A woman who was found guilty of housing dozens of filthy and sick Great Danes in her New Hampshire mansion will serve no jail time, but is responsible for paying back nearly $2 million for their care until they find new homes, a judge ruled Thursday.
Christina Fay was sentenced on 17 animal cruelty charges. Prosecutors initially had recommended a yearlong jail sentence, but Judge Amy Ignatius said last month she favored her serving as little as a month in jail.
"In light of the willingness to engage in meaningful therapy, I am willing to suspend all of the time," Ignatius said Thursday, prompting gasps from the courtroom.
She said Fay can keep only two dogs. A dog which seriously injured a caretaker will be euthanized and new homes will be found for the remainder of the animals. Some of the dogs died before the trial.
"I lost everything I love," Fay, 60, said after the court session. She said was "gutted" by Ignatius' ruling.
The judge said Fay is "dealing with a lot in terms of her life" and that jail time would have been too disruptive to her family, who Fay said she supports financially. Fay's lawyers said her son died last month and that she has several other children with psychological issues. Her attorneys said she shouldn't be responsible for paying restitution to the Humane Society of the United States.
Authorities seized 84 dogs from Fay's Wolfeboro home in June. They said the animals were living in filth and suffering from health problems. Fay said she wanted to be the primary U.S. collector of European Great Danes and had been acquiring and breeding them since 2014.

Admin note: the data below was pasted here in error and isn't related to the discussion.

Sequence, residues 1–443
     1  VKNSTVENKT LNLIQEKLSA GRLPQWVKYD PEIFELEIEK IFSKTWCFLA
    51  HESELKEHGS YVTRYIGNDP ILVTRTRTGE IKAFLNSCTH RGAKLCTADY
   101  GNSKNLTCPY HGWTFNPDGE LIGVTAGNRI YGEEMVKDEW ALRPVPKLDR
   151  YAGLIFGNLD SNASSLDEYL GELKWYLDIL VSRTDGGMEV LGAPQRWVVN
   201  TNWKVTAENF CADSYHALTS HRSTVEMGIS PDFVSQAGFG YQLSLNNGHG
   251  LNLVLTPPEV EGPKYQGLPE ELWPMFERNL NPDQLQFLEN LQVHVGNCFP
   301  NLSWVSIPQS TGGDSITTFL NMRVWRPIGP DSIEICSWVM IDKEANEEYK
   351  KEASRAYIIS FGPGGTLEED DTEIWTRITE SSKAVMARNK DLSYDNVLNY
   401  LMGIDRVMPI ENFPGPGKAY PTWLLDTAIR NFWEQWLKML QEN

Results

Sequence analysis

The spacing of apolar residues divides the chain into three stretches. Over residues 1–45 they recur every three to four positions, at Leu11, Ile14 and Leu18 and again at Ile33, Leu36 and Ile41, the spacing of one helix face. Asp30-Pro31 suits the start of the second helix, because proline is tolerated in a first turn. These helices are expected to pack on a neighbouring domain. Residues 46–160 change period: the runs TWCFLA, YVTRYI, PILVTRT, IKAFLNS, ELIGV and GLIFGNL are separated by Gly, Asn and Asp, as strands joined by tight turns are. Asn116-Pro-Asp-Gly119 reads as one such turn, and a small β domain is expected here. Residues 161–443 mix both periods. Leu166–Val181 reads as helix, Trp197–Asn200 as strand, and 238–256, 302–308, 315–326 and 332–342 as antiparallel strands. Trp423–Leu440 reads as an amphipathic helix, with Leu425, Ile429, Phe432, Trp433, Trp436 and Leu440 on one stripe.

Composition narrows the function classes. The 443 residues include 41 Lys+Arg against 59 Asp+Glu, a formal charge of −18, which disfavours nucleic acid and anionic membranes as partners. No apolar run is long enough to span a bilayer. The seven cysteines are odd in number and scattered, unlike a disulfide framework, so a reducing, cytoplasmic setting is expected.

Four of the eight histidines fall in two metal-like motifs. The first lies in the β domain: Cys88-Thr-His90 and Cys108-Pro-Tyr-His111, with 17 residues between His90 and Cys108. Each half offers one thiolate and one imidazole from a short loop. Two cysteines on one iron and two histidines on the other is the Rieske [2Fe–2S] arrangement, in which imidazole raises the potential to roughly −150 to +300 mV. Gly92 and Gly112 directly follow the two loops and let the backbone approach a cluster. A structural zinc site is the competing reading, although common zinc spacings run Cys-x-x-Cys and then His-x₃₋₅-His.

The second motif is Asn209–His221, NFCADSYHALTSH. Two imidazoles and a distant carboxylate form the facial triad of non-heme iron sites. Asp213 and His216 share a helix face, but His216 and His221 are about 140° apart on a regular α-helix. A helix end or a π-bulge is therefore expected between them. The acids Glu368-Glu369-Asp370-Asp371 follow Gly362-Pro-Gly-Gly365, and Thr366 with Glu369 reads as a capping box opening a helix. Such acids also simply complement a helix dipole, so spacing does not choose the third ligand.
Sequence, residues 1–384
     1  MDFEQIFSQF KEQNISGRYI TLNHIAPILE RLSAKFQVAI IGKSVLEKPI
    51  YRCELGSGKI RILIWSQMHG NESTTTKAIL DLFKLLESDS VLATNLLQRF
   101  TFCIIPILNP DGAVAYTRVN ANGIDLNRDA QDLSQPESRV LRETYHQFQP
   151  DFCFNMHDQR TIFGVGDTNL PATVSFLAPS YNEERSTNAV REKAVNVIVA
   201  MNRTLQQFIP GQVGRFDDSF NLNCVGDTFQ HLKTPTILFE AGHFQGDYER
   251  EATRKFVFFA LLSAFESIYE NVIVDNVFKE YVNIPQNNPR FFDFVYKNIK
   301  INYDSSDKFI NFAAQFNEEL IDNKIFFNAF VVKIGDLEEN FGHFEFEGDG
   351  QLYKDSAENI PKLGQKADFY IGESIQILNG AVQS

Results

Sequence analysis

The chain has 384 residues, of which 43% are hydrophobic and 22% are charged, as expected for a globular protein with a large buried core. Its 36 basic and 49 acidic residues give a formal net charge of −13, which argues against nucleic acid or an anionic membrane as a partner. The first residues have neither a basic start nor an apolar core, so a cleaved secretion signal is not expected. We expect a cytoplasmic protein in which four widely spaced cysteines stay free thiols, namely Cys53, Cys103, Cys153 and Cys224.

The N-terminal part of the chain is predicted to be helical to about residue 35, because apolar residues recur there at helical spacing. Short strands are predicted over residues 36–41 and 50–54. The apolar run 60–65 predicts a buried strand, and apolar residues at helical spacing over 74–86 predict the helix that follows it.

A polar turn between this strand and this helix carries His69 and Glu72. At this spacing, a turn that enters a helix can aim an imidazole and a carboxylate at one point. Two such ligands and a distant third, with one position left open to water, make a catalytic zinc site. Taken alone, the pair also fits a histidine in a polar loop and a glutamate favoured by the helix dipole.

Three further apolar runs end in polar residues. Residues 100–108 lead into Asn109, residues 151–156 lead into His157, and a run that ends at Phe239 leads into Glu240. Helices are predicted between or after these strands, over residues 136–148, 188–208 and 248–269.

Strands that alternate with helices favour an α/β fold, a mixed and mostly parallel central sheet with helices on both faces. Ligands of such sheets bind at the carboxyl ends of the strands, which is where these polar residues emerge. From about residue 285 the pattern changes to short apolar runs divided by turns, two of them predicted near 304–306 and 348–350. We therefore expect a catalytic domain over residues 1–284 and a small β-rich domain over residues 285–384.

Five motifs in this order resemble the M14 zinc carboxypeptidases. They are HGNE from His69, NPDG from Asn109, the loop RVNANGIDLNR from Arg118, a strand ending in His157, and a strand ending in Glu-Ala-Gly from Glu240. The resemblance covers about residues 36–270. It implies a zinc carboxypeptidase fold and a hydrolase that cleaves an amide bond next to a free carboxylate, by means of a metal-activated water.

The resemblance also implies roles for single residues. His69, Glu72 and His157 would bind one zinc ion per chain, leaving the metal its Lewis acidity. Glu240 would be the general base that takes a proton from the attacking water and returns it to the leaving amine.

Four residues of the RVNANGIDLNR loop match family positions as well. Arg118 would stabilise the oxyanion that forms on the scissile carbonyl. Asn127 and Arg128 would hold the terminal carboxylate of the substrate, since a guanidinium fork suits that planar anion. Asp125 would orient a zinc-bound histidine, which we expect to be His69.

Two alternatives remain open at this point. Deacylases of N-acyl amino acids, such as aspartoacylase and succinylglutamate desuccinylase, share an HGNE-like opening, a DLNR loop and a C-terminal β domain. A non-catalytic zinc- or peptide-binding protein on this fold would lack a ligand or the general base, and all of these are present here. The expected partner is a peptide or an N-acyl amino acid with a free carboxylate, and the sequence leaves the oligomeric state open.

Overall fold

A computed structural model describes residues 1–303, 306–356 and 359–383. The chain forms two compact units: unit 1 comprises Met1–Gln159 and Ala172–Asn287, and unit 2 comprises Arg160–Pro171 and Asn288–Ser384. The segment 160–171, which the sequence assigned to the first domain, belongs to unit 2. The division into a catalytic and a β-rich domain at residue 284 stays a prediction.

This was Fay's second trial. She was convicted of 10 counts of animal cruelty in a lower court and appealed. It is unclear whether she has plans to appeal to the New Hampshire Supreme Court.
"She does indeed feel badly about what happened, more so for the dogs than anybody else," Attorney Kent Barker said.
Assistant County Attorney Steve Briden said it is Fay's duty to pay restitution.
Lindsay Hamrick, the director of the New Hampshire Humane Society, said she was "thrilled" the judge ordered Fay to pay the organization back, but said she wanted a harsher sentence.
"We wish that there was a harsher sentence in terms of jail time given the gravity of the cruelty that was occurring, but for us the dogs are the number one priority," Hamrick said. "These dogs have waited for a long time for this outcome, and we're ready to assist in the process of getting them into forever homes."Copyright 2018 The Associated Press. All rights reserved. This material may not be published, broadcast, rewritten or redistributed.